In a major sales push, the redesigned 2018 Camry was backed by heavy broadcast advertising and highlighted in a year-end “Toyotathon” sales promotion at dealers and elsewhere. Photo credit: DAVID PHILLIPS
DALLAS — The word in dealer showrooms in 2017 was that cars are a dying breed, taking up valuable floor space from cute-utes, crossovers and SUVs whose size, stance and utility represent an evolutionary leap of the species.
But not so much at Toyota and Honda dealerships, where overlapping generations of the venerable midsize Camry and multiple iterations of the compact Civic battled for superiority among consumers who still like to sit low to the ground.
Combined, the cars moved just over 764,000 units last year in a sales race that pitted the 15-year champion Camry against the 10th-generation Civic, which has been on a sales super-cycle since its 2016 launch.
Going into December, the Honda was outselling the Toyota by around 2,000 units, but the finish wasn’t even close. The Camry had its best December ever — even compared with the good old days — moving more than 43,000 units, a 30 percent gain from a year earlier. That gave it a nearly 10,000-unit advantage for the year over the Civic, whose sales stagnated in December, and extended its reign as the nation’s best-selling car. (Toyota also snagged the crown for the year’s best-selling nonpickup vehicle, the RAV4, which outsold the Camry by more than 20,000 units and edged out the Nissan Rogue.)
Hollis: Camry a spark for cars
The redesigned 2018 Camry “has reignited the car segment,” said Jack Hollis, general manager of Toyota Division, on a conference call last week. “You look at our investments in great products, and great products sell, so we still feel confident in the car market.”
Defending the Camry’s crown may have been especially important for Toyota given the launch of a redesigned model that it has touted as a substantially different direction for the staid family sedan. It rides on a new global platform that Toyota says allows for more spirited driving.
“I think they want to get as much visibility for the car as possible, and this is one way to do it,” said Matt DeLorenzo, managing editor at Kelley Blue Book.
Besides the fresh product, Toyota had a few marketing tricks that got it over the finish line first, according to analysts.
Toyota was discounting the outgoing seventh-generation Camry while bringing in the more boldly styled eighth generation beginning in September. One Texas dealer said that for buyers who couldn’t swing the 2018 model, he was able to shift many into a 2017 with thousands of dollars off the sticker. In some cases, Toyota was offering $3,000 cash back or zero-percent financing for 72 months on 2017 models.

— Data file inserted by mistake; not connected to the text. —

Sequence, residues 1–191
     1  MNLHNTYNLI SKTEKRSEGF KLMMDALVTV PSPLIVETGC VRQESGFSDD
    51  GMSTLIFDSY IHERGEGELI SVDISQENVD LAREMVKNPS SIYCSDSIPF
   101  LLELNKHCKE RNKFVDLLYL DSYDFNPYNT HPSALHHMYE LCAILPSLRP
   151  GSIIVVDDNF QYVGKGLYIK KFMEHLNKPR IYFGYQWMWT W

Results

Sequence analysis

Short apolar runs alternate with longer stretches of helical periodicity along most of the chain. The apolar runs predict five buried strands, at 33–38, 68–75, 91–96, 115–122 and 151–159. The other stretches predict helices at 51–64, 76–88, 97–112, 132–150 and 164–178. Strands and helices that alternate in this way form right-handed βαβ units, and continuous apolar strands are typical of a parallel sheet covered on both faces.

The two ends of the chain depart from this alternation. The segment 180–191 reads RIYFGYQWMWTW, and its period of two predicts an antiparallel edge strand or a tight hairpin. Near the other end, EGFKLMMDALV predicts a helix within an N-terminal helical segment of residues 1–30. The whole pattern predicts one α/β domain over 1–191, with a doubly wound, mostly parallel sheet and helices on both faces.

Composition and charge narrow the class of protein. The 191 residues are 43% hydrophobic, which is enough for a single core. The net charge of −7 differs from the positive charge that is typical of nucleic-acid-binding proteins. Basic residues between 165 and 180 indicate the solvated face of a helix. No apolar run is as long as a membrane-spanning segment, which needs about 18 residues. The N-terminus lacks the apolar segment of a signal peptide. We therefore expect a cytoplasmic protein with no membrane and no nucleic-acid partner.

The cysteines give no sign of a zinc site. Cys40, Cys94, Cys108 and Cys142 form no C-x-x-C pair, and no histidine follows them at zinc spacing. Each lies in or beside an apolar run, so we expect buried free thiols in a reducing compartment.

And while both Toyota and Honda tend to be among the most restrained in the industry on sales incentives and fleet sales, Honda is the more disciplined of the two, keeping tight reins on production and forswearing bulk sales to rental-car agencies.
One industry insider who crunched the numbers said Toyota definitely used fleet sales and incentives to drive its 2017 Camry sell-down toward the end of the year. But he said Toyota’s incentive levels for December weren’t out of the ordinary or out of line with segment averages.
A redesign and some nifty marketing pushed the Camry back to the front of the sedan pack.
Record Camry sales in December represented almost entirely 2018 models, said Toyota spokesman Scott Vazin.
The redesigned model was “exceptionally well-received by consumers,” backed by broadcast advertising and highlighted in the year-end “Toyotathon” sales promotion.
The 2018 Camry sport grades — the SE and XSE — exceeded expectations, and helped attract “a younger and slightly more male buyer” than for the 2017 model, Vazin told Automotive News.
Still, the Civic offered tough competition and ended the year with a 2.8 percent sales gain over 2016, whereas Camry sales actually slipped by 0.4 percent.
The Civic can be had as a two-door coupe, a sedan, a hatchback and a track-ready Type-R edition that is new to the U.S. It’s technically one class below the Camry, but it nearly bridges the gap in terms of size, while also providing some cost savings to buyers who are downsizing in response to higher average new-vehicle prices, DeLorenzo said.
The Camry’s direct segment competitor is the Honda Accord, whose redesigned version came later in the year. Accord sales sank 35 percent in December as inventories of the outgoing model thinned.
With the 10th-generation Accord now generating accolades for its fresh styling and driving dynamics, the 2018 car race may be even more hotly contested.
Published at Sun, 07 Jan 2018 05:01:00 +0000